School Cuts May Create More Efficiency, Hanna Says

January 26, 1992|By Donna E. Boller | Donna E. Boller,Staff writer

Alone among the five county school board members, Vice Chairman DanaF. Hanna sees a silver lining -- the chance to create a more efficient school system -- in the financial crisis that led Superintendent Michael E. Hickey to propose eliminating staff positions and cutting services in next year's budget.

Hickey introduced a $183.7 million budget proposal for 1992-1993 last week that represents a 3.9 percentincrease over the $176.8 million the board has available to spend this year, but $17 million less than the budget proposal he introduced one year ago.

In Hanna's view, the budget crunch gives the board an opportunityto rethink the most efficient ways to operate county schools.

"It's not totally unhealthy," he said. "Systems grow big, they grow fat,they die. So this is just a diet."

The proposed budget does not include money for salary increases for school employees. The board is currently negotiating with unions representing secretaries and instructional assistants and maintenance and custodial workers. It expects to reopen negotiations on the salary issue soon with the Howard County Education Association, which represents teachers, principals and supervisors.

Each 1 percent salary increase for all school system employees adds $1.2 million to the budget. For employees represented byHCEA, each 1 percent increase adds $930,000. Hickey pledged that in 1992-1993, negotiated salary increases will be honored. This year, county government budget cuts left the board without enough money to cover the teachers' 6 percent raise and 2 percent experience increase. No school employees received raises.

Hanna said he agreed with Hickey's proposals to spend more on plant maintenance in 1992-1993 and to keep teacher-pupil ratios at present levels rather than increase class sizes.

Hickey's budget would eliminate 34 staff positions, most of them in the system's central administration, but would add 52 teachers to accommodate growth without having to increase class sizes. How many employees will be laid off is uncertain, since administrative employees who have teaching certificates may fill some classroom vacancies.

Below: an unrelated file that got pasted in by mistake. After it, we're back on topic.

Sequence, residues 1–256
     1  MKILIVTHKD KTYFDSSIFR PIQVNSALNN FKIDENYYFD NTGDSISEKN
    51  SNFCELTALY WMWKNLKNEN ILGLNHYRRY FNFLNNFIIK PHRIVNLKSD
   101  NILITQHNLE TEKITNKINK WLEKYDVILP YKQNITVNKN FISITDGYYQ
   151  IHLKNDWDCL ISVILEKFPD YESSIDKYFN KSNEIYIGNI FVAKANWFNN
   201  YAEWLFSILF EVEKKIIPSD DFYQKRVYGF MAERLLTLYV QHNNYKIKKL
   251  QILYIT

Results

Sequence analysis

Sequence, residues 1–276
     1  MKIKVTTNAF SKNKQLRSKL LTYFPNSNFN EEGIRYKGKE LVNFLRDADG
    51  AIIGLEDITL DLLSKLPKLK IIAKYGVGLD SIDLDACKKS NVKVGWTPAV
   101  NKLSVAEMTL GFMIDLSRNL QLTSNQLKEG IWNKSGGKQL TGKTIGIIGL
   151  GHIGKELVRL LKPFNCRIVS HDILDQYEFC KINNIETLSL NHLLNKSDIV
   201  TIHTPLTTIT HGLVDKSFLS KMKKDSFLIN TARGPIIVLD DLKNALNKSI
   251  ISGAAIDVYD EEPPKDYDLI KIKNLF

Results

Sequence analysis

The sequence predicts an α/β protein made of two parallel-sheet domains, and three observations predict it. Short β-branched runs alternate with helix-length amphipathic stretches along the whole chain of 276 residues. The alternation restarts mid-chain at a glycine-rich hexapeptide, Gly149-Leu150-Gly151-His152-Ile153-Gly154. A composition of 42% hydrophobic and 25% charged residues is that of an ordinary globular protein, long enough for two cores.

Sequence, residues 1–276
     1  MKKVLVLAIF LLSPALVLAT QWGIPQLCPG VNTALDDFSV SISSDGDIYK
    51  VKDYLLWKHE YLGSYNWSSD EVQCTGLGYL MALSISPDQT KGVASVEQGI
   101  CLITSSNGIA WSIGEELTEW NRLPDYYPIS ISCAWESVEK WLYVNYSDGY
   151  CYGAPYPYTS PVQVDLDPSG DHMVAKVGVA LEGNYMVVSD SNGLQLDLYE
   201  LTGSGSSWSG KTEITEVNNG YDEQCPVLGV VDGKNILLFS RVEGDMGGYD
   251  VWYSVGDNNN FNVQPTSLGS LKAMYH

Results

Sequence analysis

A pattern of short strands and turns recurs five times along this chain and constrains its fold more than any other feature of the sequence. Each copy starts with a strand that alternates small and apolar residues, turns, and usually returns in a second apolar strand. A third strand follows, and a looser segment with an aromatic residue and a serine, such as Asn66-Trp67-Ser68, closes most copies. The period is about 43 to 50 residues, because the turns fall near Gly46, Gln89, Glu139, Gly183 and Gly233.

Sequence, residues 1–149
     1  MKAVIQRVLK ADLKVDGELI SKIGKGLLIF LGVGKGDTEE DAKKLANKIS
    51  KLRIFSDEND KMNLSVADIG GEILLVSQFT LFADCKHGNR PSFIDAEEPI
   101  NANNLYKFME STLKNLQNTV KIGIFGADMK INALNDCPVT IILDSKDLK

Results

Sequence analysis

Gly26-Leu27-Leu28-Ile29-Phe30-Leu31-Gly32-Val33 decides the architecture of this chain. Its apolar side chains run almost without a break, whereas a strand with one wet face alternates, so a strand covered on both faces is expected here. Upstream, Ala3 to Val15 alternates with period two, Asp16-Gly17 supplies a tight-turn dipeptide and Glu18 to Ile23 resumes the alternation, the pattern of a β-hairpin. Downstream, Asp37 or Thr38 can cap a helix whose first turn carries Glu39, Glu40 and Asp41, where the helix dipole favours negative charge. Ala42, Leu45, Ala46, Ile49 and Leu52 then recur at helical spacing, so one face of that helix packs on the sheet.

James R. Swab, president of HCEA, refused to comment on the proposed elimination of staff positions.

All five board memberssaid they expect to give Hickey's budget proposal a tough item-by-item scrutiny, and a majority would not rule out increasing the budget request that will go to County Executive Charles I. Ecker on March 16.

Both Chairwoman Deborah D. Kendig and member Ruth Y. Hutchinson said they were concerned by a proposed reduction of 2.5 psychologistsin the current staff of 23 and 1.5 pupil personnel workers from the staff of 11.

"With the downturn in the economy and family troublesincreasing, it seems to me that children's troubles will increase," Kendig said. Pupil personnel workers and psychologists are integral parts of the safety net for children, she added.

Hutchinson agreed and said that she would look to the General Assembly to provide additional revenue rather than see the school budget take more cuts.

"The legislature just has to come up with additional funds," she said. "We can't continue to run a school system with the money going down each year."

Reducing the psychological staff will mean longer waitsfor students to be evaluated for special services, Hickey said. Psychologists now make weekly visits to schools. Next year it may be every 10 days, he said.

Board member Karen B. Campbell said she wants to take a look at per-pupil expenditures, particularly in math and science. "If we (the United States) are going to be No. 1 in science and math and if we're spending less, I'm going to ask how you're going to do that," she said.

Board member Susan J. Cook plans to continue lobbying the legislature for additional money, but said she has notdecided whether she would favor having the board ask for more money in the budget it sends to the county government.

The county share of Hickey's budget proposal would be $142.3 million, up 2.7 percent from this year's county allocation of $138.5 million. If the legislature restores maintenance of effort requirements that local governmentswere allowed to waive in 1991-1992, the county would not be allowed to cut its per-pupil support below current levels.

Ecker said the superintendent's budget proposal seemed reasonable to him at first glance, but added that he could not comment specifically because he hasnot yet read the document.

COMPARISON OF FISCAL YEARS 1992 AND 1993

DEPARTMENT.. .. .. ..'92 BUDGET.. '93 PROPOSAL.% CHANGE

Administration.. .. .$7,872,500.. .. 7,236,430.. ..-8.1

Instruction.. .. .. .98,955,180.. ..99,052,820.. ..+0.1

Pupil services.. .. .. .727,700.. .. ..685,700.. ..-5.8

Health services.. .. .1,172,460.. .. 1,246,290.. ..+6.3

Transportation.. .. .11,732,910.. ..10,783,940.. ..-8.1

Operation of plant.. 14,994,340.. ..15,336,720.. ..+2.3

Maintenance of plant..5,462,330.. .. 7,197,330.. .+31.8

Fixed charges.. .. ..19,814,300.. ..20,831,160.. ..+5.1

Community services.. .1,628,640.. .. 2,105,450.. .+29.3

Capital outlay.. .. .. .869,000.. .. ..640,000.. .-26.4

Special education.. .17,521,800.. ..18,726,440.. ..+6.3

Total.. .. .. .. ..180,751,160*..183,743,280**....+1.7

* Does not reflect $3.9 million in additional cuts

** Does not include any money for teacher salary increases

to be negotiated

Source: Howard County Schools

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